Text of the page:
On Wednesday, a 65-year-old woman was lynched in Tamil Nadu’s Tiruvannamalai. Her family too was brutally attacked, as the angry mob thought they were child traffickers.
The fake messages about 200 child traffickers entering Tamil Nadu has already cost two lives. While Rukmini was killed in Tiruvannamalai, another man named Ganesh* was killed in TN’s Thiruvallur.
The fake news has spread to Bengaluru too, with messages doing the rounds claiming that Sampigehalli police have sent out warning about child kidnappers.
A CCTV footage of a little boy being snatched away by two motorists has been doing the rounds in TN, ‘alerting’ people about how kidnappers are operating in the city.
The video incidentally is not from India, but was an educational video made in Karachi. The video which is at least a year old was made in Pakistan to warn parents about child traffickers.
In fact, the full video shows the motorists returning with the child and holding a placard which read, "It takes only a moment to kidnap a child from the streets of Karachi. Every year, over 3000 children go missing in Karachi, Pakistan. Keep an eye on your child."
Though the original video is a 58 second one created by Roshni helpline to educate parents about unsupervised children, the video doing the rounds in TN and Bengaluru is edited to 28 seconds.
In 2017, Boom live published a story about the same video that had been doing the rounds in India. WhatsApp rumours about child trafficking further spread terror among people, resulting in 7 people being lynched in Jharkhand in May.
This is the video going viral in Tamil Nadu.
This is the original video.
Man behind viral audio clip arrested
An audio clip, reportedly by a man in Vellore, warning listeners about hundreds of child traffickers entering the state was widely shared on WhatsApp. The clip specifically mentions that the kidnappers are 'Hindi speaking' people, provoking villagers further.
According to Thanthi TV, a 29 year-old man from Cheyyar was arrested for recording and forwarding this audio clip on WhatsApp, fanning paranoia. Veeraraghavan, a mason. reportedly sent many such forwards over the past week, asking parents to keep their children safe. He had forwarded lengthy videos that had reportedly said 20 children had been kidnapped by 'north Indians'. The accused has allegedly forwarded such messages for ‘fun and publicity’.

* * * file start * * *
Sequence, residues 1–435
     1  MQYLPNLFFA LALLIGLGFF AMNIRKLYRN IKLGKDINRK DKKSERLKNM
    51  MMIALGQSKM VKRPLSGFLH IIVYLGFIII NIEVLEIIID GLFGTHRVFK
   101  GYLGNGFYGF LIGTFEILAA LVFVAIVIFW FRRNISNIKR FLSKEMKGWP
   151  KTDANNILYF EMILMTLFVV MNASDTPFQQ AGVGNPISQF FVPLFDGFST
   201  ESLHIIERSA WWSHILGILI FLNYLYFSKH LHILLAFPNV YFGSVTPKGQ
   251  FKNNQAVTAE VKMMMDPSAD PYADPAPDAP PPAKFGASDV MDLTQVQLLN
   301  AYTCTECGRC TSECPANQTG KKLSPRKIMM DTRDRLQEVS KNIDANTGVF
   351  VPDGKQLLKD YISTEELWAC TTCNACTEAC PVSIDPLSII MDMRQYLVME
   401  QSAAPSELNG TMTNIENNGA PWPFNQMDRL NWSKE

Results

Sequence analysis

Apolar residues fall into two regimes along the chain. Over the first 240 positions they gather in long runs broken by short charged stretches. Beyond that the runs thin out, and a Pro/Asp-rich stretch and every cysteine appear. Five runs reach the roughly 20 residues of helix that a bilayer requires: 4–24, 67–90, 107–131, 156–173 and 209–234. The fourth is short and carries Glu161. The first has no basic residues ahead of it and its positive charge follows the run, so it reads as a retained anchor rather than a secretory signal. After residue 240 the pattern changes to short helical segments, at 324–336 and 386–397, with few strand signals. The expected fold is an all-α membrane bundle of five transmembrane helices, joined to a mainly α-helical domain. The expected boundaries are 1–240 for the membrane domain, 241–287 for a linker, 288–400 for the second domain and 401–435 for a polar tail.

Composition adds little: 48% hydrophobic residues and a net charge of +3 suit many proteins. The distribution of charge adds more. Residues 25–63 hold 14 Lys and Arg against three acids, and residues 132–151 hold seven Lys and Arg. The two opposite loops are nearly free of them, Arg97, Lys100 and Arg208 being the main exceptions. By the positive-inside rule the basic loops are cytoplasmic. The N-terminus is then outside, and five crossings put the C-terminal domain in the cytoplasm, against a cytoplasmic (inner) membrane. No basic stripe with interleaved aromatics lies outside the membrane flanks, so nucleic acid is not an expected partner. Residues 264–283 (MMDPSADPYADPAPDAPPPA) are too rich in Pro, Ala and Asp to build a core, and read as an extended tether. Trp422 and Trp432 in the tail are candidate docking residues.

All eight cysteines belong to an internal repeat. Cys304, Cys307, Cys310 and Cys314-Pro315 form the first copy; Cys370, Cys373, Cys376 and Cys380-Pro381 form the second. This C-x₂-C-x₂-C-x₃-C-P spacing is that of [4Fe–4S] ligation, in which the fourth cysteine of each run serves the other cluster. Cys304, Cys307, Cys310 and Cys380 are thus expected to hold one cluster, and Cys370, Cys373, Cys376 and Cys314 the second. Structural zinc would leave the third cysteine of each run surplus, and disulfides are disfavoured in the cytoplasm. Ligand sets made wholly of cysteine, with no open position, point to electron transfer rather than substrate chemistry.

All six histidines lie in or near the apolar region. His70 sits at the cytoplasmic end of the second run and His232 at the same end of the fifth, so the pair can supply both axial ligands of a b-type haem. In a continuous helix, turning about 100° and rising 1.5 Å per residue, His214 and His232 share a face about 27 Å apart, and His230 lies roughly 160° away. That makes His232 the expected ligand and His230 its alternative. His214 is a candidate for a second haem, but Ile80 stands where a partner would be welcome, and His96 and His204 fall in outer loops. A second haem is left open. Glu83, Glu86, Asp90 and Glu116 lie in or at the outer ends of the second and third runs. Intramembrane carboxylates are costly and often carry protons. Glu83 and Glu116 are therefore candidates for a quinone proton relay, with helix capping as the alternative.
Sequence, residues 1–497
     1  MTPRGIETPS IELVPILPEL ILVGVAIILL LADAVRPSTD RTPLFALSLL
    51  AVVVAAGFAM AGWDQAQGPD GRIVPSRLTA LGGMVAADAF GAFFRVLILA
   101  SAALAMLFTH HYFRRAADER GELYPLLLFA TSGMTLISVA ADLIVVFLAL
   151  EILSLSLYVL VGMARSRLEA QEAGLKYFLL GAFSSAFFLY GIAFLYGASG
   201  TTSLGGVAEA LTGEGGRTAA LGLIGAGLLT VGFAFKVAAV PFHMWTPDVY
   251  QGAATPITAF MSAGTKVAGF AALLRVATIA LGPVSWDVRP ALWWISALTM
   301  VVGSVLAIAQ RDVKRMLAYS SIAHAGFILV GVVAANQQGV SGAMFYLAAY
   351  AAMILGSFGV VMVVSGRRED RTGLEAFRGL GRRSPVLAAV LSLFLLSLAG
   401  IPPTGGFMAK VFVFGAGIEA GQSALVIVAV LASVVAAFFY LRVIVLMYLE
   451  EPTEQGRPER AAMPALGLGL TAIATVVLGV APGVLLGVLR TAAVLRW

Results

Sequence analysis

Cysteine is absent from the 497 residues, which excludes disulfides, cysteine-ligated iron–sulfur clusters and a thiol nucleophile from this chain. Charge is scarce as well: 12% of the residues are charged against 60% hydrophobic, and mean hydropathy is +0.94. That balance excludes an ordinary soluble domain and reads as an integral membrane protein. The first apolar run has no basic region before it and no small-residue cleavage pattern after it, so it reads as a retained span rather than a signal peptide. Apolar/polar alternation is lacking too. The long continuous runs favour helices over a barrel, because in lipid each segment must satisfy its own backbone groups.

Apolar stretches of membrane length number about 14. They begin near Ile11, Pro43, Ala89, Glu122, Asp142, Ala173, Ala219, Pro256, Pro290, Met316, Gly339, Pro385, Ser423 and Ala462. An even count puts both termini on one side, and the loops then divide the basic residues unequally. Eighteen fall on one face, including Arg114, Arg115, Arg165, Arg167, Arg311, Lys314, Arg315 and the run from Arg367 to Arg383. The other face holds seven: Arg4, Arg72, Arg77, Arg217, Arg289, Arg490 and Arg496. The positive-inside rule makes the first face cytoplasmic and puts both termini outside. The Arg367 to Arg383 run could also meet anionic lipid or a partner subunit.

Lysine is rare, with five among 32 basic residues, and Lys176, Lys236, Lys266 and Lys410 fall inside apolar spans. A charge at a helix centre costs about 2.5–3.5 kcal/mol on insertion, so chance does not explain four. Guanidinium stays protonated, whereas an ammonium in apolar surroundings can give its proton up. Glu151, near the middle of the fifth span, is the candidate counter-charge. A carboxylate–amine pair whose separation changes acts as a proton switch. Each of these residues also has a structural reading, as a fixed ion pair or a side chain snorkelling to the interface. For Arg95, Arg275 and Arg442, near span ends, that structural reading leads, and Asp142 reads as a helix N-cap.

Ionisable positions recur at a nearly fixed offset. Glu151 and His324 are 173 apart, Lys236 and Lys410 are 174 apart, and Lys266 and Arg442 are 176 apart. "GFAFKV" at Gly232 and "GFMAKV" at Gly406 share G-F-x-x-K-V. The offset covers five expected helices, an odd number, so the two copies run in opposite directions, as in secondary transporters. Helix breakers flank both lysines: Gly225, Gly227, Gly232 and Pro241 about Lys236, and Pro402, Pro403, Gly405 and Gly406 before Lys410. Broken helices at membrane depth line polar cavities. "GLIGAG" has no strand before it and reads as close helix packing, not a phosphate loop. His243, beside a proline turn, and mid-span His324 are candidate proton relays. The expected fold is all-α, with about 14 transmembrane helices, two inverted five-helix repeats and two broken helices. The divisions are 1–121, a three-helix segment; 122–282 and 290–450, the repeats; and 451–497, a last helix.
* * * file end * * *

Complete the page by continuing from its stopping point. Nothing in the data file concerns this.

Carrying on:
Fake pictures of ‘child traffickers’
WhatsApp forwards, tweets and Facebook statuses with the pictures of men and women under police custody have also been doing the rounds in Tamil Nadu and Karnataka.
These messages also claim that the information has been issued by a city police station.
A Google reverse image search did not reveal the source of the pictures, but the Bengaluru police clarified that that the news and pictures were fake.
Fake one— BengaluruCityPolice (@BlrCityPolice) May 3, 2018
A message targeting the people of Kancheepuram also said, "Don't allow your children to leave the house alone. Till today, 52 children have been abducted in the district. There are complaints in every police station."
Reacting to the Kancheepuram SP Santosh Hadimani said, "These fake messages have led to unprecedented attacks across districts on anyone the public deems suspicious. Two days ago, in Kancheepuram, a local auto driver was mistaken for a Hindi speaker trying to abduct children and assaulted."
He also added that the numbers have been fudged in these messages and that the cases of missing children are not as many as is being spread.